Photojournalists do a difficult, and often thankless job. They document the reality and hand the pictures to publications, knowing fully well that a lot of people won’t look at the credits.
They do what they do because they are committed, they do it because it’s their duty, they do it because it’s important.
Danish Siddique was a man driven by these values.
Thanks for your kind words. I don’t think there is anything HEROIC about it. As journalists, this is what we signed up for. It’s our DUTY to document what is happening around us. https://t.co/zuNkyK8Mt4— Danish Siddiqui (@dansiddiqui) April 26, 2021
He went to war zones to document conflicts, covered the pandemic in India, took pictures of a dangerous armed man standing a few feet away from him during the anti-CAA protests in New Delhi.
He showed us what it means to be driven out of your home, what it means to be a refugee.
And when the entire media was busy solving the mystery of how Rhea Chakraborty procured weed, he was the one taking pictures of people suffering because of the virus, even when it was not in their bodies.
Danish’s death has taken a hero from among us, and while this loss can never be overcome, we can all come together to honour him.
Turns out, that’s too big an expectation. Some people, actually many, seem to think that it is his “karma” that led to his demise.
Hmmm, but clicking pics of funeral pyres in India and selling them as disaster porn is ‘courageous journalism’! pic.twitter.com/FlxTo7mBxT— Shefali Vaidya. 🇮🇳 (@ShefVaidya) July 17, 2021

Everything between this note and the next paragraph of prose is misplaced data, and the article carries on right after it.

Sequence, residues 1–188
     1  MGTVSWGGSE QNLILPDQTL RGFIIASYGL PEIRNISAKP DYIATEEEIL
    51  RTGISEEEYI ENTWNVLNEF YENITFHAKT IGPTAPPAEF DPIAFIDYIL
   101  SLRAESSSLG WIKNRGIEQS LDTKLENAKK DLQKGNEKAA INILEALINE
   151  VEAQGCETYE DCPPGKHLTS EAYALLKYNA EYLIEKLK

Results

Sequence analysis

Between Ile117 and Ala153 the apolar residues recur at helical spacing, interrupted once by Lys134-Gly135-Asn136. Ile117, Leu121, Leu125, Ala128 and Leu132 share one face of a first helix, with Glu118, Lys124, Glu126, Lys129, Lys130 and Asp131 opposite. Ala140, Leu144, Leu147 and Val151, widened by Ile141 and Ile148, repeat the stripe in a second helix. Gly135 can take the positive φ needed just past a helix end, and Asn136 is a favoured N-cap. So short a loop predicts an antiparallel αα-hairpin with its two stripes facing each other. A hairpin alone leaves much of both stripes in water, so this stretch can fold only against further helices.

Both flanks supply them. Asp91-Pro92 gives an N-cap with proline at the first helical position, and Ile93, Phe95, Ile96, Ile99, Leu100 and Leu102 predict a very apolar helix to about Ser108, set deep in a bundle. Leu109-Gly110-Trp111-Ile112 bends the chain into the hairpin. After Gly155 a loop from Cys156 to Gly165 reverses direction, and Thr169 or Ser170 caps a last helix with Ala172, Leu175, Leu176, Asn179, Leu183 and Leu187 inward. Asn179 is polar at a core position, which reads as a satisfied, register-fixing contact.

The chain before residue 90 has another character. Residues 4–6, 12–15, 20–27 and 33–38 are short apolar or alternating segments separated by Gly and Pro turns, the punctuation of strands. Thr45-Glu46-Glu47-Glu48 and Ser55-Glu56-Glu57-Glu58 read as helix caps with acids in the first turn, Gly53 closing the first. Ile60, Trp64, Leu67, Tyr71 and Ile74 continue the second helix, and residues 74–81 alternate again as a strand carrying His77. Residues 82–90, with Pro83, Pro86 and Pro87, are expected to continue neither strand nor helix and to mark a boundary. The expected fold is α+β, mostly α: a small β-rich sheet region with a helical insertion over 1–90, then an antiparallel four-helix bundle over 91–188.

That he “paid for” the ‘sin’ of showing things the way they happened. The government failed its citizens on every front during the pandemic, leading to deaths of thousands of people every day for months. But somehow, it’s Danish’s fault for showing it.
He deserved as much respect he showered on others. !! #Karma https://t.co/tVWtHwbFWZ— Dr Yuthika (@YuthikaSharma) July 16, 2021
Clicking someone’s private funeral pictures is not breathtaking journalism. Sad. It’s just invasion of privacy https://t.co/SZnPnQrYPu— ABHINAV SINGH 🇮🇳 (@asoulwindow) July 16, 2021
So the dignity of hundreds of families on the pyres didn’t matter? It was okay to make millions off their suffering? It was okay to write false narratives and allow the international colonisers exploit the situation they themselves created by impoverishing our people? Please.— Kamya (Wandering Kamya) (@iamkamyabuch) July 16, 2021
RIP #DanishSiddiqui. I hope noone will fly drones over your last rights. Everyone deserves dignity in death.#Reuters pic.twitter.com/jDo1UTKTZW— Eminent Intellectual (@totalwoke) July 16, 2021
Too sad to hear about #danishsiddiqui.— SubbuS (@Subbu_06) July 16, 2021
After all the useless shots he had taken, never thought he will end up also by taking a shot. 😭
Even the Gods know that our Judiciary is bakwas… So they sent the God of Karma to work it’s way. https://t.co/KkC3thFjTF— Gloria Sylvia 🇮🇳 (@GloriaSylvia12) July 17, 2021
Only in India photojournalists are awarded to click photos of tragedy. That is the earning source of media. India did not punish Danish but by his own…https://t.co/r02Jynmrff— Sparkler (@uZruuDohin5gTKW) July 17, 2021
Danish was always respectful towards the dead and the ones mourning them. He did not cross any boundaries. As for the pictures of the pyres, they were necessary. Stuck inside their houses, the people of India would have never gotten a true perspective of how bad the state negligence actually was.
He did his job, and he did it well. He put himself at risk for all of us. Danish passes away as a hero.